The practice of corporate environmental disclosure (CED) has been in existence for more than a decade now, rising to prominence as a result of the upsurge in environmental accounting in the 1990s. Ahmad (2004), by studying in the period of 1998‐2001, found that there is no evidence of environmental disclosure either in term of its quantity or in term of its quality, especially if the health and safety category is excluded; more than 5 years passed now. Some key changes happened in Libyan context such as establishment of Libyan Stock Market and issue of Libyan environmental law no, 15 of 2003. These changes may push CED in Libya steps forward. Thus, the objective of this study is to examine to what extent current CED practice in Libya has been improved. Content analysis is used in this study to investigate CED practices by all the 18 largest industrial companies quoted on Industrial and Mineralisation Secretary (IMS) in Libya. The results of this study reveal that CED in Libya, both in term of its quantity and quality, has been developed over the period between 2001 and 2007. Such development was explained in the shadow of reciprocal direct and indirect accountability model of industrial companies within the main central authorities especially, the relationship with IMS.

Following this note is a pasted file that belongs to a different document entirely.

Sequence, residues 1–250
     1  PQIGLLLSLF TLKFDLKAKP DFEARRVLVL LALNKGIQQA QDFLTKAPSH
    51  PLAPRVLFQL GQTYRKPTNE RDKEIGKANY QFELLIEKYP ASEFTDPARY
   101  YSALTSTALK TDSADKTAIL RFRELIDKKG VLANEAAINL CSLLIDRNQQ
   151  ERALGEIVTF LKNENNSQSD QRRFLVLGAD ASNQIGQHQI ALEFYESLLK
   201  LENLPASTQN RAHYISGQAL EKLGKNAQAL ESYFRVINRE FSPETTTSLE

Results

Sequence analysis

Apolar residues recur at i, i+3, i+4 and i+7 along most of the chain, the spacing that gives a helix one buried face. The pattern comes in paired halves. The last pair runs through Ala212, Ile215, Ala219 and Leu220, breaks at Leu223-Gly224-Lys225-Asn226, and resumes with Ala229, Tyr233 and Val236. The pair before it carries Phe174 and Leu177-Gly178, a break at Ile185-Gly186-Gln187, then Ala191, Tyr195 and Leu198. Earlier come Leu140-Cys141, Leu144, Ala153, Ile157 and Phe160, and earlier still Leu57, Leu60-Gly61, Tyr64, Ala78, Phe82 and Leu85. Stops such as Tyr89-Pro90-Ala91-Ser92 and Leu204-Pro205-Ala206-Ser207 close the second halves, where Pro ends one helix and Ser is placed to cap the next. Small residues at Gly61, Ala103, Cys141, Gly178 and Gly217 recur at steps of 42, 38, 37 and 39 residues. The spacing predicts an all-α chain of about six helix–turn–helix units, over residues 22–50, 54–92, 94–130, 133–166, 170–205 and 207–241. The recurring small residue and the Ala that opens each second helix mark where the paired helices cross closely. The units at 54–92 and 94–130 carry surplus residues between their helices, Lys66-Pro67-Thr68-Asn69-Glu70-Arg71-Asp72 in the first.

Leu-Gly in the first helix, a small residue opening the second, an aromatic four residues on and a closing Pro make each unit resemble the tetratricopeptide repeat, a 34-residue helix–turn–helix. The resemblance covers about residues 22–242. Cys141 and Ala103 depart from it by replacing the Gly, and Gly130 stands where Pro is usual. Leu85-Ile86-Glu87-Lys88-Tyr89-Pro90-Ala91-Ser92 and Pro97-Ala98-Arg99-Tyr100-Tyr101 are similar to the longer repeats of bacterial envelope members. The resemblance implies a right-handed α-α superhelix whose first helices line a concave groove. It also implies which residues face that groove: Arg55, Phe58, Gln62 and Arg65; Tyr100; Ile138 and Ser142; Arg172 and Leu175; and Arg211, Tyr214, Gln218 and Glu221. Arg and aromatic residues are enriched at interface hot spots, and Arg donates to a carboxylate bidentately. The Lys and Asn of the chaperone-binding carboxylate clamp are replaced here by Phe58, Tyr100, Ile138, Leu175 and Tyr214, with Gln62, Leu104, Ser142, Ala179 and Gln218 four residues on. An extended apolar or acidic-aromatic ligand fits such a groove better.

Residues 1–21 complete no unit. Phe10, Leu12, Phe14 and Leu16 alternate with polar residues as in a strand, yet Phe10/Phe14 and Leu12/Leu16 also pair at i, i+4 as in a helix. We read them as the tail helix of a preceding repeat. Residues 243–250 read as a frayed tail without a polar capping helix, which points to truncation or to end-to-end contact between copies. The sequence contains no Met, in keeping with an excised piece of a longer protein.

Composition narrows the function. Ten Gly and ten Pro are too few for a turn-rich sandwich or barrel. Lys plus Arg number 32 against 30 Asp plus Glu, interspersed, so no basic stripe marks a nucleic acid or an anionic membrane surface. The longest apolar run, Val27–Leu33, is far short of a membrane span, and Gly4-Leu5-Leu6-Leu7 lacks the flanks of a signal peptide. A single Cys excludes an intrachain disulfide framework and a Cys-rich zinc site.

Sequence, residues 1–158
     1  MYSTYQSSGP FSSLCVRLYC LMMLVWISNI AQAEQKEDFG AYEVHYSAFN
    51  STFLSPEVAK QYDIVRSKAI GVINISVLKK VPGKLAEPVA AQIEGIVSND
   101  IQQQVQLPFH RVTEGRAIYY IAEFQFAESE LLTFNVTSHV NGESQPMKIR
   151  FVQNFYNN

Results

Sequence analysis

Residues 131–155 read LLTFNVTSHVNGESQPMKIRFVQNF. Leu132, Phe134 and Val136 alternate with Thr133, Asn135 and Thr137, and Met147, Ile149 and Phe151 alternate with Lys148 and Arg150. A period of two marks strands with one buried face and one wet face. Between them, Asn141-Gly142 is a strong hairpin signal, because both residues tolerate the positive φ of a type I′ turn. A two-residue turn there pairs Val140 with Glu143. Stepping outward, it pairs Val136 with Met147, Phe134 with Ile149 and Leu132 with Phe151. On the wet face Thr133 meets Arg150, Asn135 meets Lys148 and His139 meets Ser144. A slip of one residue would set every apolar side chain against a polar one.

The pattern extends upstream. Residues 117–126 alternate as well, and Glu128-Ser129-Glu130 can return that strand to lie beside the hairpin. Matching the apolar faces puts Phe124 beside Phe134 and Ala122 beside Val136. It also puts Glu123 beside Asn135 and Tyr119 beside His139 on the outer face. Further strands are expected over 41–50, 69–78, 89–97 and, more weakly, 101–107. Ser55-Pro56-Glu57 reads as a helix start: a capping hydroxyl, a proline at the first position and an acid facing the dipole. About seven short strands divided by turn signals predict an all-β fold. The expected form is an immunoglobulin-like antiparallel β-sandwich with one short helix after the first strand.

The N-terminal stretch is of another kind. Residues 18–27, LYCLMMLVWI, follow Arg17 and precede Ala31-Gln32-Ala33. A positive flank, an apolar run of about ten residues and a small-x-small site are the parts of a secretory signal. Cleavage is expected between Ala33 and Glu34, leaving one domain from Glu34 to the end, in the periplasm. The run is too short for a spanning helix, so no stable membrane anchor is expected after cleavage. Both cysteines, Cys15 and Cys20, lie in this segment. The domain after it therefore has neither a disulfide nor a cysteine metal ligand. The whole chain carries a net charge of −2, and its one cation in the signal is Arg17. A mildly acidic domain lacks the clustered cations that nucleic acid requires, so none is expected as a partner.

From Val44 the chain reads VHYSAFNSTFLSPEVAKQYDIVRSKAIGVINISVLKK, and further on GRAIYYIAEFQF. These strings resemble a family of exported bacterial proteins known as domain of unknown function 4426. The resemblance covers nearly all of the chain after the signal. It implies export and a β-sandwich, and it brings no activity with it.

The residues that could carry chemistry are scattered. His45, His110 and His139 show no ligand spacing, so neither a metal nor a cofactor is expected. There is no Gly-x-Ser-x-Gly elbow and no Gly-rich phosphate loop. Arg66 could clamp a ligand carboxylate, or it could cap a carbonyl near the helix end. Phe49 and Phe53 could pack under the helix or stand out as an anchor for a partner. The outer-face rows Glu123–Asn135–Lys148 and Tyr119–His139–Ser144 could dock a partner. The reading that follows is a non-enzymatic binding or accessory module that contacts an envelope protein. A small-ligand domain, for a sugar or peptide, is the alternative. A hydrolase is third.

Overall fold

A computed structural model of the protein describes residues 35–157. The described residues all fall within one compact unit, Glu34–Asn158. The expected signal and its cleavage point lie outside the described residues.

Saleh Mohamad Ahmad, N. and Ramadan Mousa, F. (2010), "Corporate environmental disclosure in Libya: A little improvement", World Journal of Entrepreneurship, Management and Sustainable Development, Vol. 6 No. 1/2, pp. 149-159. https://doi.org/10.1108/20425961201000012
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